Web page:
Viewpoints: Signs Of Progress From Programs Fighting The Opioid Epidemic; Yes, 3,000 People Died In Puerto Rico. ‘My Dad Was One Of Them’
Editorial pages express views on these health topics and others.
Trump Is Fighting The Opioid Crisis And Addiction Threatening America
The scale of America’s opioid crisis can be daunting. The latest numbers show that more than 72,000 Americans died of a drug overdose in 2017, most of them involving opioids. The tragic statistics are a reminder of why President Trump has made combating the opioid crisis a top priority for his presidency. But everywhere the crisis has struck, there are signs of hope and resilience. Earlier this year, I visited a clinic in Dayton, Ohio — one of the hardest hit communities in the country — that treats new mothers struggling with addiction and their infants born physically dependent on opioids. (Health and Human Services Secretary Alex Azar, 9/19)
To Combat The Opioid Crisis, We Left The Stigma And Bias At The Door
Cincinnati’s coordinated approach has produced a significant drop in mortality. Not only did we increase Narcan supply throughout the community to ensure immediate access to addiction treatment, we integrated our hospitals into the continuum of addiction care in doing so. What followed was the development and implementation of novel clinical protocols across our community. While we have made progress, there’s a long way to go to ensure these methods are universally embraced and provided the necessary support. An often overlooked factor in creating the enormous gap in appropriately addressing the opioid crisis is that 17 states still haven’t expanded Medicaid. Medicaid covers nearly 4 in 10 non-elderly adults with opioid use disorder and the program supports critical access to comprehensive services, including essential, FDA-approved medications. (Navdeep Kang, 9/17)
Cleveland Plain Dealer:
Yes, 3,000 Did Die In Puerto Rico Because Of Hurricane Maria.
On Sept. 27, 2017, my father died in the aftermath of the hurricane. He waited in line for 35 hours for gasoline, which he needed to run his generator. While in line, a tank exploded and he inhaled the fumes and smoke. He made it to his front door, collapsed, and died. Puerto Rico is still without power, cell phone service and supplies a week after Hurricane Maria, and it's hard for Clevelanders to check the status of their families there. My father was not part of the original list of the dead. Recently, he and 3,000 others were counted and added to that list, a list that has been disputed by our president .... Like everything else, he sees "this list" as a ploy to make him look bad. (Victor Ruiz, 9/19)
The Washington Post:
Tuberculosis Is Curable. So Why Are So Many People Still Dying Of The Disease?
Tuberculosis remains the world’s most lethal infectious killer. It claims more lives than HIV/AIDS and malaria combined. TB is also a preventable, treatable, curable disease. Clearly there is an enormous gap here. World leaders are expected to address this chasm at the United Nations next week , and they must do more than give speeches. They need to act. (9/18)
Big Tobacco Is Marketing Vapes To Our Kids, So Our City Took Them On And Won — It’s The FDA’s Turn Now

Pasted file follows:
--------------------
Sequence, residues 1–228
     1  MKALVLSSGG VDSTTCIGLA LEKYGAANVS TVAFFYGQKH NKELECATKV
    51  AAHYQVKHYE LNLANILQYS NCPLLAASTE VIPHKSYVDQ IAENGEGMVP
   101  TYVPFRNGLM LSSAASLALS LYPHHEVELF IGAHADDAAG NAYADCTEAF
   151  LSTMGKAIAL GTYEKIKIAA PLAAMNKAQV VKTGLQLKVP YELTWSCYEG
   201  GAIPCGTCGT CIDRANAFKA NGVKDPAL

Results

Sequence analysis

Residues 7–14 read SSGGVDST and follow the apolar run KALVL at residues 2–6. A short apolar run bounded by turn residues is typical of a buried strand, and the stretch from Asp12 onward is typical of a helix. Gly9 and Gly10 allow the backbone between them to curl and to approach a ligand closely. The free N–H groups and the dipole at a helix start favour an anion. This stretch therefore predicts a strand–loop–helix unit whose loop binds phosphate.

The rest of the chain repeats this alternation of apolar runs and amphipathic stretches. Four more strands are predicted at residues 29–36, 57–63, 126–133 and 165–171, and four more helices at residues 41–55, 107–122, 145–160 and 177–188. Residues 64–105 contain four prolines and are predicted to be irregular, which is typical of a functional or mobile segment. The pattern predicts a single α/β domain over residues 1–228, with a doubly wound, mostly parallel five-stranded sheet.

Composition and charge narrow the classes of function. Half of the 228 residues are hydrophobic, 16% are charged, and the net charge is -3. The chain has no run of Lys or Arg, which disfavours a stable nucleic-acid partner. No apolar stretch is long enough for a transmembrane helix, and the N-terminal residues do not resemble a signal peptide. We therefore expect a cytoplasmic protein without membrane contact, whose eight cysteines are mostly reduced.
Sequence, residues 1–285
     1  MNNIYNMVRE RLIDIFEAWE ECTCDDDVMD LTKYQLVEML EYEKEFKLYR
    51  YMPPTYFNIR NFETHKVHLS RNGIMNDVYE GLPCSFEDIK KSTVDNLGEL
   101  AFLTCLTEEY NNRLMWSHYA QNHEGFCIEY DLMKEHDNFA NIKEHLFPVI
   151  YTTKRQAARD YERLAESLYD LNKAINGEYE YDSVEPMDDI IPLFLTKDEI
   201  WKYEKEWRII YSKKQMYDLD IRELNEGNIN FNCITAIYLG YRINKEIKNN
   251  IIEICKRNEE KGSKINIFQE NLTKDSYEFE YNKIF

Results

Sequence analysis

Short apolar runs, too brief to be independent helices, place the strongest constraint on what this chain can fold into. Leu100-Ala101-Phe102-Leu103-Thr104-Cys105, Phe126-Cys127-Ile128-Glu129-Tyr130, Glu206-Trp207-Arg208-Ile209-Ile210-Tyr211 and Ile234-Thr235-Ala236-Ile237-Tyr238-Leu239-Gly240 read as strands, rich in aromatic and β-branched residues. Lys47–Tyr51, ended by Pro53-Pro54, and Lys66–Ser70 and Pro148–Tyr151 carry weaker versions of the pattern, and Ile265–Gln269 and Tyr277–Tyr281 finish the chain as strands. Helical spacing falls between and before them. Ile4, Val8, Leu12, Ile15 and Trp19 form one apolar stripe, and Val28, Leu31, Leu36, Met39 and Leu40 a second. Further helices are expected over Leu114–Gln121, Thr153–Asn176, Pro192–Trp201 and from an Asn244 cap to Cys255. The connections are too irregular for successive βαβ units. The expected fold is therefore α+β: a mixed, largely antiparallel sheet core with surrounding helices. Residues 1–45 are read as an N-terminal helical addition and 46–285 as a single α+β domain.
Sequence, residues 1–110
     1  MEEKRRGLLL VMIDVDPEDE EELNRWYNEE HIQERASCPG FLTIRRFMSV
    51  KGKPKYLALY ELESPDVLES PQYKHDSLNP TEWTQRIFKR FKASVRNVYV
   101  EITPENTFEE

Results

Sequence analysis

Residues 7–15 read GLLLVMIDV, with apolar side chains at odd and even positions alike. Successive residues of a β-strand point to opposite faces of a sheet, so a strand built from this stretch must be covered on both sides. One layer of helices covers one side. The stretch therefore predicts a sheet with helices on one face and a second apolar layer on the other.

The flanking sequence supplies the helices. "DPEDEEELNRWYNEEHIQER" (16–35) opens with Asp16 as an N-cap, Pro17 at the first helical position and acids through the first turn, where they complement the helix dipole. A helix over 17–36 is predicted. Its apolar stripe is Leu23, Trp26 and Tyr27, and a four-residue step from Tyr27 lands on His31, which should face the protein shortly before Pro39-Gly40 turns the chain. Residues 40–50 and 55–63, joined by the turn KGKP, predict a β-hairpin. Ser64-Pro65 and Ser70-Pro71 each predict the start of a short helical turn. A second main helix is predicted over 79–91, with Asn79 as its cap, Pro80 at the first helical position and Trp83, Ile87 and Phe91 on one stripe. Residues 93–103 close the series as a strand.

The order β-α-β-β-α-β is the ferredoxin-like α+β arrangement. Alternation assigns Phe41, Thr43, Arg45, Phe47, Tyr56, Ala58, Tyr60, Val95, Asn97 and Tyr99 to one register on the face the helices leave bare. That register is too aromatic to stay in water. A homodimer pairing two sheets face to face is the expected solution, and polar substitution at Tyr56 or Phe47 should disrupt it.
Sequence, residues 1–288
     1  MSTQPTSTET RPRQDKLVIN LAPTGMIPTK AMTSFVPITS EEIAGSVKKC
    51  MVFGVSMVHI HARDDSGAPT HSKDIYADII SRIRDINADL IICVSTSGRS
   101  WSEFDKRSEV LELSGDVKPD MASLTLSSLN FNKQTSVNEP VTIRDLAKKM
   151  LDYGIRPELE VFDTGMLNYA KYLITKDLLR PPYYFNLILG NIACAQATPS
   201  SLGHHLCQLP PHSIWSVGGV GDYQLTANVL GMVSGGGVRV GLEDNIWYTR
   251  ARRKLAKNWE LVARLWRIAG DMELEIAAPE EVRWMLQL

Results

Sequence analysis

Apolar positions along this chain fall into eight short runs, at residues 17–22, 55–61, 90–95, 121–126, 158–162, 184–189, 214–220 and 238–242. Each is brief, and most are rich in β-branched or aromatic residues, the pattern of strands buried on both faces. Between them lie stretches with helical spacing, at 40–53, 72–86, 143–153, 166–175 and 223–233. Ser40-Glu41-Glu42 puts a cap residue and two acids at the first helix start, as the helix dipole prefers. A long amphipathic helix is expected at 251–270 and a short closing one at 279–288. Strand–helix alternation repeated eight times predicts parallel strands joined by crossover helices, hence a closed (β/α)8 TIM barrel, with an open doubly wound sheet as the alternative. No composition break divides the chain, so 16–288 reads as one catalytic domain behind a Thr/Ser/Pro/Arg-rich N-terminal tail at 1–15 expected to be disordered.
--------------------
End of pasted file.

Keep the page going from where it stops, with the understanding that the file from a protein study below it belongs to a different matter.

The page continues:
The FDA recently announced that it considers a new surge in teen e-cigarette use to be an epidemic, and will give e-cigarette manufacturers 60 days to prove that they are not marketing to kids. This is a very welcome move for those of us who have been pushing to prevent teen tobacco use. Our city recently took on the makers of e-cigarettes and won. The FDA should take San Francisco's lead and do everything it can to protect kids from Big Tobacco. (Tomas Aragon and Derek Smith, 9/18)
Single-Payer Healthcare Could Be A Death Sentence For Seniors
Imagine government bureaucrats in Washington deciding whether your life is worth saving or not. Such a nightmare that could very well become a reality should the Democrats get their way.When the government gets involved in healthcare, it always leads to disaster and death — and “Medicare for All” is the crown jewel of social healthcare programs. (Herman Cain, 9/19)
Cleveland Plain Dealer:
Cuyahoga County Needs To Look At Recent Spate Of Jail Deaths To See If Conditions, Oversight Can Be Improved
The recent deaths of five inmates in Cuyahoga County custody -- who were being held in either the County Jail or in the Euclid Jail, which is now run by the county - should prompt a deeper investigation, along the lines of one recently undertaken in Summit County, to examine underlying problems for possible preventive measures and programs. Cleveland.com's Adam Ferrise recently reported that the five deaths represent the largest number of Cuyahoga County inmate deaths in a single year since 2009. (9/19)
San Francisco Chronicle:
Prop. 71 Funds Are Laying Groundwork For Stem Cell Therapies
In 2004, the voters of California approved Proposition 71, creating the California Institute for Regenerative Medicine and setting the state on the path to becoming a global leader in stem cell research. Today the therapies resulting from the institute’s work are not just changing lives — they are already saving lives. (Maria T. Millan and Jonathan Thomas, 9/17)
Moms Need Help From Restaurants To Keep Their Kids Healthy
Now on Gov. Jerry Brown’s desk, SB 1192 would require restaurants that offer children’s meals to make the default option on drinks that come with them either water, sparkling water, flavored water without added sweeteners, or unflavored milk. That will help parents like me know that the healthy choice is an easy one, and that our children get the right messages about healthy behaviors. (Donna Norton, 9/18)